It’s almost a decade old now, but when I think of cats batting critters I can’t help but remember the viral video of a cat batting an alligator until the alligator slowly walked away into the water.

In case you’re afraid to watch it, just know that the cat is completely fine though I am concerned as to why no one else intervened. Still, it’s a great example of versatile the cat bat really is which goes a long way to explaining why so many cats frequently turn to it.

Reason 3: Batting Things Gets Your Cat Attention

Your cat will quickly learn that batting at things around the house (including you) gets your attention.

While it might not always be the good kind of attention, most cats won’t particularly care. They just know that when they knock something off the counter or bat a piece of paper into the air you certainly react!

Whether you realize it or not, the attention you give your cat is positively reinforcing the batting behavior and encourages your cat to continue bopping away at things. That doesn’t mean your cat only bats things for your attention but it can certainly be a motivator for many cats.

This is especially important when it comes to cats batting at people. My cat Debbie has become increasingly demanding over the years and eventually learned that if she gave me a little bop on my arm that I’d stop what I was doing and pet her.

While that’s not exactly a polite way for her request petting it worked and after a few rounds of that I realized what I had done! I was actually encouraging little Debbie to repeat this impolite behavior!

Consider what you do when your cat knocks something off the counter- do you give them some kind of attention that might pique their interest? When it comes time to put away the groceries my cat Debbie is quick to track down an onion and push it off the counter.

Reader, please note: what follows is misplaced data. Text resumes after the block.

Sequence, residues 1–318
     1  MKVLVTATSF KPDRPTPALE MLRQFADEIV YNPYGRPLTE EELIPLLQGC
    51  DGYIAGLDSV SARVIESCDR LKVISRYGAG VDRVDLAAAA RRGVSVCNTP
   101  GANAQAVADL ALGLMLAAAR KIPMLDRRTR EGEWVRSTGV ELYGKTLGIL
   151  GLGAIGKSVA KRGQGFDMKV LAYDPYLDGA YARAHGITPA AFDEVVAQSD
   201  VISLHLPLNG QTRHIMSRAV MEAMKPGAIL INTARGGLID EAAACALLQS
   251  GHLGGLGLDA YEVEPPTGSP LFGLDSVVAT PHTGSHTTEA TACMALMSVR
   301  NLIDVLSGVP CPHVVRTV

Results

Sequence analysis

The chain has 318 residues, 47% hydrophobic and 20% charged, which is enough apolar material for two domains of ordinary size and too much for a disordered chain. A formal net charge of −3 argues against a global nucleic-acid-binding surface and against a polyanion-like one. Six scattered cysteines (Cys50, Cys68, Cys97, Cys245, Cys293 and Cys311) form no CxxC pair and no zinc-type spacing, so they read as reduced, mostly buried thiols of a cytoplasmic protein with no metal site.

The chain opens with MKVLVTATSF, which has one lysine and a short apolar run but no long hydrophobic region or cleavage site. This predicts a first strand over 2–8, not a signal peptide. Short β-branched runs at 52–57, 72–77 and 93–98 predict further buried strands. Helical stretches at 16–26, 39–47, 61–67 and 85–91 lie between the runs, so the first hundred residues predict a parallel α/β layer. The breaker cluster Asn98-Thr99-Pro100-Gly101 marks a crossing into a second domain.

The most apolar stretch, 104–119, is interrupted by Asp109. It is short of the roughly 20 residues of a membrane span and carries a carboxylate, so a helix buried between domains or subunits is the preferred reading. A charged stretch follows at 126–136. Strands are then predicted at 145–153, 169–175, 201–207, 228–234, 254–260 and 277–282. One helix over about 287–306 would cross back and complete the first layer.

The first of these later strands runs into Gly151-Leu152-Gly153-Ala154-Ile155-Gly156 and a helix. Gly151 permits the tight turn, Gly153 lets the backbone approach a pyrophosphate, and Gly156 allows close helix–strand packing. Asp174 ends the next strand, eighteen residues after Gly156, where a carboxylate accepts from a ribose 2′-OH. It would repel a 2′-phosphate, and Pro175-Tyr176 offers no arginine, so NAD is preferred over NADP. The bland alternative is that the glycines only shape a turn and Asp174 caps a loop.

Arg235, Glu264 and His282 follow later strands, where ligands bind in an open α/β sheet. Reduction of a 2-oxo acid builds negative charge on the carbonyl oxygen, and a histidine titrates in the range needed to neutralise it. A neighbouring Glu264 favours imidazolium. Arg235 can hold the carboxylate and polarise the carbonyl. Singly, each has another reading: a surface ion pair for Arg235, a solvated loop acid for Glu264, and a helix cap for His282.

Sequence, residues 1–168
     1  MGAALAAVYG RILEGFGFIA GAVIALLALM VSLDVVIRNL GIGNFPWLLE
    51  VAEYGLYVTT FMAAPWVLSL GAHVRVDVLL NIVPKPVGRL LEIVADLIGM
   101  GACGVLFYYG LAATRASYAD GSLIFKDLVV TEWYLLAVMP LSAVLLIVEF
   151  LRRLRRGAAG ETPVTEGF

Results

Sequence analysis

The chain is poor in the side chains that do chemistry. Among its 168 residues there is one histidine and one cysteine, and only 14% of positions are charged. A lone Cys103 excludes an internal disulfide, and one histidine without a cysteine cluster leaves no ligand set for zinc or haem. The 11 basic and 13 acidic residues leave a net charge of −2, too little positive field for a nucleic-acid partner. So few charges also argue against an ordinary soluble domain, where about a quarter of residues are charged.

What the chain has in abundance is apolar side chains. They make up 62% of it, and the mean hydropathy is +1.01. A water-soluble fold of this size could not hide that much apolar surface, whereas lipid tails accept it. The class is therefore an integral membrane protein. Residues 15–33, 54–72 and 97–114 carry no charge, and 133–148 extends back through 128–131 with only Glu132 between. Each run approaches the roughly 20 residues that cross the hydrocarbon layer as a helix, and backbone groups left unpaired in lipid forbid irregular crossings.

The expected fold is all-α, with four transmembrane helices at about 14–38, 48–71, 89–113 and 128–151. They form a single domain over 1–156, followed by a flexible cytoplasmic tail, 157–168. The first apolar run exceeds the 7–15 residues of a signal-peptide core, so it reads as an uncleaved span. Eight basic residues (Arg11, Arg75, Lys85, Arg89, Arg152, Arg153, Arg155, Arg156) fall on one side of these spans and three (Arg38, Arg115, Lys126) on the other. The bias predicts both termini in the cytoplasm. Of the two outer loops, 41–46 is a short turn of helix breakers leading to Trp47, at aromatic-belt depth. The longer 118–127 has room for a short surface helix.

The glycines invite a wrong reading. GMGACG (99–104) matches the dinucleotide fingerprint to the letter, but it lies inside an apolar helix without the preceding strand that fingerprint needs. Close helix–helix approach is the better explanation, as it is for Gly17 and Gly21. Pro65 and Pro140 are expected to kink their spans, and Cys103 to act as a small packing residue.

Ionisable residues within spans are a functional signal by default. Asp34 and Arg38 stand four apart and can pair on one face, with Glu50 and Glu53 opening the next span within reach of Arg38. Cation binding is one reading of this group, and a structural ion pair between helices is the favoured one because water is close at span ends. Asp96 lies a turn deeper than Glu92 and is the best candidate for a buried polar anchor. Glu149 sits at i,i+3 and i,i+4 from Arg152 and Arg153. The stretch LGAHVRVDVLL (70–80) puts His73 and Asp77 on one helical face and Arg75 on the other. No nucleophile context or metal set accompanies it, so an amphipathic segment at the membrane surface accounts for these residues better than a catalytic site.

She likes the wobbly roll of the onion and of course enjoys seeing it hit the ground. When I immediately ask her what’s she’s doing and put it back on the counter, it’s easy to see how a game has started in her mind!

That’s why it’s so important to really consider your actions after any cat behavior and make sure you’re encouraging the right behaviors from your feline friend!

Reason 4: Its Instinct

Bating and pawing are an important part of your cat’s hunting process. The folks at the International Cat Care Society explain that cats have several stages to their hunt including stalking and eventually capture where “you may witness the cat holding itself in a tense position before a brief sprint and springing forward to strike the prey with one or both of their front paws.”

Whether you call it a strike, a bop, or a bat on the head, it’s one of the first steps to the hunting process and a deeply rooted instinct for cats.

How To Discourage Your Cat From Batting Things

While batting things is usually not an issue, if your cat is constantly knocking things around the house or pushing objects off the counter the habit could become a little problematic.

Anytime you need to change your cat’s behavior it’s important to avoid focusing on negative enforcement like punishments or yelling.

These techniques are rarely, if ever, the answer not only because they can damage the relationship you have with your cat but also because they don’t work.